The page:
Not so fast, there are pragmatic reasons the easy route is not taken, such as scale and resources. It’s just not realistic. But my suspicion is that co-founders Larry Page (now CEO) and Sergey Brin see the world as one big problem looking for the perfect algorithm. As a result, Singhal and team must fight hate with code. Later, we learn, all was right again when Google “reflected the Web” (and the world I suppose) in a new light, and the offending site had disappeared. I’m still not sure if it was us who changed, or Google that changed.
When I got home later that evening, I told my Little Loni the story. It was odd I said; it was as if a corner store was being robbed before our very eyes. So I urgently ask the Google Cop standing next to me to stop them, to do something. And he calmly suggests that I’m over-reacting, and the solution to the crime is to re-vamp our education system.
Amazingly, on this evening in a room of Googlers and Google watchers, it took about 53 minutes before Google Plus was finally mentioned. I was thankful for the momentary respite. Many have faulted former CEO Eric Schmidt for having a blind spot around social technology, allowing Facebook unfettered growth. That’s a bit harsh, though. While G+ is fast growing (25M users at last count), it’s still early. Time will tell whether consumers will embrace it, or burn-out from social networking fatigue. And, recall, under Schmidt’s leadership, Android was born, arguably the second biggest financial hit (after Adsense) the company has produced.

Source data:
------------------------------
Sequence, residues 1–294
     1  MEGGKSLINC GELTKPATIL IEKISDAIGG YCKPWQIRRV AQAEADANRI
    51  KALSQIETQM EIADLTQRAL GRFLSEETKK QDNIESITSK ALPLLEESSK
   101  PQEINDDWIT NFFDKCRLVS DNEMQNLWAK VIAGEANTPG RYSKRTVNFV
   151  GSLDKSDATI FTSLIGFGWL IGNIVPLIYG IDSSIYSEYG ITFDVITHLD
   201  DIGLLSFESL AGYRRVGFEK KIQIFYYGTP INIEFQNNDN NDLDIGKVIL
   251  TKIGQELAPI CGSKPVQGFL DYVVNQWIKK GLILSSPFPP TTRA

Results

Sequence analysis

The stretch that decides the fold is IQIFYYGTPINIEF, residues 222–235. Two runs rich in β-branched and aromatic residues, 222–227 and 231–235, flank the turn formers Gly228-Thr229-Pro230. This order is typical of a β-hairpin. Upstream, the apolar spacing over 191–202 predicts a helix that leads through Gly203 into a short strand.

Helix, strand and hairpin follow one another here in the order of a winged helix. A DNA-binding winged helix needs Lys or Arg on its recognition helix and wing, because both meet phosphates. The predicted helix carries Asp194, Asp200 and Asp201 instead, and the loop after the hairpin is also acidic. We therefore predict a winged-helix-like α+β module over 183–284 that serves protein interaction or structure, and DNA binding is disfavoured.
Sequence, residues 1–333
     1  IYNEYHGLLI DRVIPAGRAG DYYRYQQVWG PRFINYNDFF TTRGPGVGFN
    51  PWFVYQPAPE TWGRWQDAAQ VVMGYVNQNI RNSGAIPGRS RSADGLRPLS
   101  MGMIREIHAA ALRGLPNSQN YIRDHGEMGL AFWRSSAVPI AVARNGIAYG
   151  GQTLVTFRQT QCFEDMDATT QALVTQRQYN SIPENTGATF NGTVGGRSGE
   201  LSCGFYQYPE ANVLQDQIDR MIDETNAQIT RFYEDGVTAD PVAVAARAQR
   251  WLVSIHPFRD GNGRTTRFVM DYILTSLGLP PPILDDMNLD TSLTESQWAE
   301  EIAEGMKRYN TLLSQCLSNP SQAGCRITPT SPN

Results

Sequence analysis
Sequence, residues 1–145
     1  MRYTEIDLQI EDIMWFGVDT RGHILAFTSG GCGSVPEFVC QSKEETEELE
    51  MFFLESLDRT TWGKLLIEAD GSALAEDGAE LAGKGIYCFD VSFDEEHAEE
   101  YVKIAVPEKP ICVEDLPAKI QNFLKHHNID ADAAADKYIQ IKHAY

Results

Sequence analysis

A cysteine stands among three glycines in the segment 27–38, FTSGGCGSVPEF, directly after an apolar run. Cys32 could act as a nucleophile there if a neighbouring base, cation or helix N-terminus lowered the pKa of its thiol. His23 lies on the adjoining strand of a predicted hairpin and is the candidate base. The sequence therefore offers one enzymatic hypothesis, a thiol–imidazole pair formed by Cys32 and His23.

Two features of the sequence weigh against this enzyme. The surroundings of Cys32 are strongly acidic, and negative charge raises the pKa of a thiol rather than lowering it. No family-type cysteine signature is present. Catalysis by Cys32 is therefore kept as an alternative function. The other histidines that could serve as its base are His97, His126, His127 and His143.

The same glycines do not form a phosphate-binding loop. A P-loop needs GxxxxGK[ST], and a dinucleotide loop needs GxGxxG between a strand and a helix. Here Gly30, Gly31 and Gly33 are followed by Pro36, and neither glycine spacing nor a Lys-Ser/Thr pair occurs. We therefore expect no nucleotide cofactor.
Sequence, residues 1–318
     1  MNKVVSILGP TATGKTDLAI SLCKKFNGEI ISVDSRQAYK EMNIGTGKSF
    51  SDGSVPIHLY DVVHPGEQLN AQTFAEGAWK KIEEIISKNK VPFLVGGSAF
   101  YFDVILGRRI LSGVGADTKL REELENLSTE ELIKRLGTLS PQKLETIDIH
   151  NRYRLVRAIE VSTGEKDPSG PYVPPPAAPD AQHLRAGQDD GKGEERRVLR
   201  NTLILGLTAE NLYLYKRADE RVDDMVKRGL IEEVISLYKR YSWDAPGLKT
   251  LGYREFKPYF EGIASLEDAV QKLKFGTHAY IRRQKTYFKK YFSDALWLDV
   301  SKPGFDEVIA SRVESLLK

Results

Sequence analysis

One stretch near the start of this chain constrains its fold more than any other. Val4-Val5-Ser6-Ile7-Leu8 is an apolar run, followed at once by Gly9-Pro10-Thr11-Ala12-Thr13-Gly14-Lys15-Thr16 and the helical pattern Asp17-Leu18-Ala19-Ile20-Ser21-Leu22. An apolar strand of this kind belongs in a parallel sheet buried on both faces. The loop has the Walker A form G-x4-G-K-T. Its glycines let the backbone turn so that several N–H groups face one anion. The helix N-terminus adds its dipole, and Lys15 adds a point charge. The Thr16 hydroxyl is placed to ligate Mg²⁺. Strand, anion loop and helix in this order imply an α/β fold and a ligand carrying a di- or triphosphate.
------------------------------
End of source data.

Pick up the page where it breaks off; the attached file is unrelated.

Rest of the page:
On social search, Amit explained that Google was working on folding in results from G+ into a born-again real-time search feature. But why would I write more about that when you can get the update from Ben Parr of Mashable (the 7/24 G+ news channel) who does a nice write up on that topic. One potential issue with that: unlike Twitter which limits updates to 140-characters and hence makes for perfectly digestible search results, G+ is typically being used for lengthy communications.
There you have it. Another compelling Churchill Club event. Sure, on this evening we didn’t get the ego of a Larry Ellison, the star-power of a James Cameron, or the salesmanship of a John Chambers. And that’s exactly what made it special. It was a panel of intelligent, forward-thinking, passionate people doing what they love, and inspiring those of us in the room. Put another way, it was another fine demonstration of the Silicon Valley way.
Author Matthew Schuchman (“How to Talk to Your Android”, “The Art of the Turnaround: How to Rescue Your Troubled Business from Creditors, Predators, and Competitors”). Fortunately I was able to sit next to Matthew and talk publishing and tech for a few minutes over dinner. He’s working on a new book about the future of smartphones and his research takes him to the valley every now and then. I did note that as part of his data gathering process he had a proclivity to interview only pretty, nubile Googlers. All in a day’s work. I have much to learn.